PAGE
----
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Please use this identifier to cite or link to this item: http://hdl.handle.net/11055/1122
Title: Optimal wrist positioning for radial arterial cannulation in adults: A systematic review and meta-analysis
Authors: Melhuish, TM
White, LD
ANZCA/FPM Author: White, LD
Keywords: catheterization, peripheral / methods
humans
patient positioning
radial artery
wrist
Issue Date: Dec-2016
Citation: 34(12):2372-2378.
Abstract: Background: Wrist extension is commonly taught as part of the radial artery cannulation technique. Currently the degree of wrist extension required to optimize cannulation success remains inconclusive. This is the first meta-analysis to investigate optimal wrist positioning for radial artery cannulation. Methods: Five major databases (CINAHL, SCOPUS, PubMed, Medline and Web of Science) were systematically searched until June 2016. All studies were assessed for level of evidence and risk of bias. The data for each outcome was then assessed via a meta-analysis. Results: Five studies including 500 patients were found. There is moderate evidence to support 45° wrist angulation for improved radial artery cannulation. Radial arterial height is likely to be increased at 45°, cannulation time is significantly faster and success rates are likely higher than at other degrees of angulation. However, this evidence is confounded by the significant heterogeneity (I2 >75%) which is at least in part related to a high proportion of healthy young volunteers who were amongst the studied populations. Conclusion: This review found moderate evidence in support of a 45° wrist angulation to facilitate arterial cannulation, however the results are largely limited by the external validity of the data collected given the restrictive populations studied. Any further studies investigating the effect of altering wrist angulation on radial artery cannulation should focus on populations who are either likely to require arterial cannulation or predisposed to difficult access.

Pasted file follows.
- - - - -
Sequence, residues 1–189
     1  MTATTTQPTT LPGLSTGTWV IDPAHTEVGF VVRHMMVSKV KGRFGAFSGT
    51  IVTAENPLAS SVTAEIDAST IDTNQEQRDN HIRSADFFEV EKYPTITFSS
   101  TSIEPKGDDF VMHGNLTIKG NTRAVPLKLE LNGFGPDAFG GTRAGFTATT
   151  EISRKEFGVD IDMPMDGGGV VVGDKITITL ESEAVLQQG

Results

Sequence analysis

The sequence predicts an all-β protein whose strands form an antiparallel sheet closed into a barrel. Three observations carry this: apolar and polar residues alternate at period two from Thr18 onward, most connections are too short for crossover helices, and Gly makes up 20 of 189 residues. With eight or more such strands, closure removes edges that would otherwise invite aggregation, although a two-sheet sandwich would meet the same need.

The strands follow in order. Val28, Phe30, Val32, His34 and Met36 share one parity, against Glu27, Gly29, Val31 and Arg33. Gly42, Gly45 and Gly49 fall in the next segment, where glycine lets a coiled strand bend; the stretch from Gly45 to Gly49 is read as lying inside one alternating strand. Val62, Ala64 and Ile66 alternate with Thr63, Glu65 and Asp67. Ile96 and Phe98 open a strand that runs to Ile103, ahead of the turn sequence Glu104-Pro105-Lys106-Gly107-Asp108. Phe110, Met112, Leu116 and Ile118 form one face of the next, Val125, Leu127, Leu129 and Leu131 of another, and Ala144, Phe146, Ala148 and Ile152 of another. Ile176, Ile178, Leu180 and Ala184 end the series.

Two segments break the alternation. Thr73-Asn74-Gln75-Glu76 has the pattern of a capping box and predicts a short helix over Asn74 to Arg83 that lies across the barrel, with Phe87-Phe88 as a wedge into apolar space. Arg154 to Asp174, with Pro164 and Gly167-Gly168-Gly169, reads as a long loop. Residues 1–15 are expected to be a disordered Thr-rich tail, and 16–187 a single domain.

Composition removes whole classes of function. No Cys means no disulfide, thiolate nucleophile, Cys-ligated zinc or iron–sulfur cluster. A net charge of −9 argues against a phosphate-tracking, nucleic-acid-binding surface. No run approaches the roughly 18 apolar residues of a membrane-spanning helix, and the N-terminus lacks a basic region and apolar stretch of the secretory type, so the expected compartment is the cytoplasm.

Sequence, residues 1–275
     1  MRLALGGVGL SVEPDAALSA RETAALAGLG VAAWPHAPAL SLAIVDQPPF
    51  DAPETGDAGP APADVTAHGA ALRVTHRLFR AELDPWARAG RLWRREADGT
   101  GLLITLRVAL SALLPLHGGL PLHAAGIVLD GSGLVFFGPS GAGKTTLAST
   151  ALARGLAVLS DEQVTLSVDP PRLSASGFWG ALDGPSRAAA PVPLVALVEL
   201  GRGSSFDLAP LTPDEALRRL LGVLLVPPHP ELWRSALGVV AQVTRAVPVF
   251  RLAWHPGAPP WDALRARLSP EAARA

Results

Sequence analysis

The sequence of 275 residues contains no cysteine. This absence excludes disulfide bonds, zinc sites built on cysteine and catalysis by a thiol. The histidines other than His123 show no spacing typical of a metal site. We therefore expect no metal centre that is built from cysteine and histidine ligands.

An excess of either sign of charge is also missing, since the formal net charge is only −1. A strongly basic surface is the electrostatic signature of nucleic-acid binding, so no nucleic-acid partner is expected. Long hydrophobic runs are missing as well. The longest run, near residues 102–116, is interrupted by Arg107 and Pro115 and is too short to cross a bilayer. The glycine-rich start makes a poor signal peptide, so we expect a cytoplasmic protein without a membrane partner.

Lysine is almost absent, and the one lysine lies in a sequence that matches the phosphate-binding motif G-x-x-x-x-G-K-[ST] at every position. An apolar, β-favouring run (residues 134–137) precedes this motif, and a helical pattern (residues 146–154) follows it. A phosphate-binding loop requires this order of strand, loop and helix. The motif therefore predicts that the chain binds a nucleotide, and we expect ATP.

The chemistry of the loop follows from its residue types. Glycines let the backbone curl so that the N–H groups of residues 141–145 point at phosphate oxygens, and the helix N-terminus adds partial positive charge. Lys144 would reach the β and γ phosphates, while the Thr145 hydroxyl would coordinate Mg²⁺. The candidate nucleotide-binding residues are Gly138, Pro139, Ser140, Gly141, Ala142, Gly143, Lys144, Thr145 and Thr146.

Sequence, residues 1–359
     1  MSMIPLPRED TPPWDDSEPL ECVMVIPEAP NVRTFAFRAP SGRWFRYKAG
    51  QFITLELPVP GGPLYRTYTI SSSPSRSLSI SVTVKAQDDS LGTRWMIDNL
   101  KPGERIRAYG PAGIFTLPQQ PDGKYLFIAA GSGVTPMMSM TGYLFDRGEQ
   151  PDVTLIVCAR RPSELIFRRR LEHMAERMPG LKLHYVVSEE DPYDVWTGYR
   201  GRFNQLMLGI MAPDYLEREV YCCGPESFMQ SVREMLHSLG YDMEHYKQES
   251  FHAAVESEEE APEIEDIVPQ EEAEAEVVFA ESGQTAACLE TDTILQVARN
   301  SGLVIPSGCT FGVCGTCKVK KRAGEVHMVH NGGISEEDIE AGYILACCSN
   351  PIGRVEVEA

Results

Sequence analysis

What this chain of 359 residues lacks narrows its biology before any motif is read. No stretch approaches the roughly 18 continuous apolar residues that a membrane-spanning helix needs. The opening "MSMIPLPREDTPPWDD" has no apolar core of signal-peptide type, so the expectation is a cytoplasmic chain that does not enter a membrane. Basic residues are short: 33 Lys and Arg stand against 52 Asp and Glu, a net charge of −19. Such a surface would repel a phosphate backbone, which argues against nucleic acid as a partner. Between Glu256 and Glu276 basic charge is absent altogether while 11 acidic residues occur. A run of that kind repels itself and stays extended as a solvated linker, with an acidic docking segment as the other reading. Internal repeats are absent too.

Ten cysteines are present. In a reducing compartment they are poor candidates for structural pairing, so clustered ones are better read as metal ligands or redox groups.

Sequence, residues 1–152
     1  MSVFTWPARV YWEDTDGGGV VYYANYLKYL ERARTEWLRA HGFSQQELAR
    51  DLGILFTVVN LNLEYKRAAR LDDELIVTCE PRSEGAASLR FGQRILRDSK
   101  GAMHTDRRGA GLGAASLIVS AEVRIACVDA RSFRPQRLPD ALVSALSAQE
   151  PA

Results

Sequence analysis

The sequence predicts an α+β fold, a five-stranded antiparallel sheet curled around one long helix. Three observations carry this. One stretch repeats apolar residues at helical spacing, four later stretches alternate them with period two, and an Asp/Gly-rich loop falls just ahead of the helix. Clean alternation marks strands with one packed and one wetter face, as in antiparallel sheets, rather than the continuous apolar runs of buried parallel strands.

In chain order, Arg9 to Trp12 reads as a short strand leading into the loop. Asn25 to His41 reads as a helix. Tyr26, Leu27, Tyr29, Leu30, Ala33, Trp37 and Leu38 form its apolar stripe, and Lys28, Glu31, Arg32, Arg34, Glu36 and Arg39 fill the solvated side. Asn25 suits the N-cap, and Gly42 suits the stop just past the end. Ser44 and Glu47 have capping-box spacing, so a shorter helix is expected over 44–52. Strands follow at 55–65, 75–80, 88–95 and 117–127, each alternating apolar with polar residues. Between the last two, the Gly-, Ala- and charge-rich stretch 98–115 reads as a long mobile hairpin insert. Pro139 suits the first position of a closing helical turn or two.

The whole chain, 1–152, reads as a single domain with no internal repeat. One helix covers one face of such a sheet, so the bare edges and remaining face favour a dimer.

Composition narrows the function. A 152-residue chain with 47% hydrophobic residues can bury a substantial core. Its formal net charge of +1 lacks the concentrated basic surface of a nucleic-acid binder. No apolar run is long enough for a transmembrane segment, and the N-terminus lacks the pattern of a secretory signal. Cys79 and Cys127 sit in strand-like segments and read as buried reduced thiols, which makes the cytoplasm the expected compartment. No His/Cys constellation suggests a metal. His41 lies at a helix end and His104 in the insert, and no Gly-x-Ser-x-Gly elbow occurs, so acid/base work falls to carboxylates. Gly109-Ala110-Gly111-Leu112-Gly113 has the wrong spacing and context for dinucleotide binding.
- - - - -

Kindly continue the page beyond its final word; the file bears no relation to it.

URI: http://hdl.handle.net/11055/1122
DOI: 10.1016/j.ajem.2016.08.059.
PubMed URL: https://pubmed.ncbi.nlm.nih.gov/27624367/
ISSN: 0735-6757
Journal Title: The American journal of emergency medicine.
Type: Journal Article
Affiliates: Wagga Wagga Rural Referral Hospital, NSW, Australia; School of Medicine, University of Wollongong, NSW, Australia.
Study/Trial: Reviews/Systematic Reviews
Appears in Collections:Scholarly and Clinical

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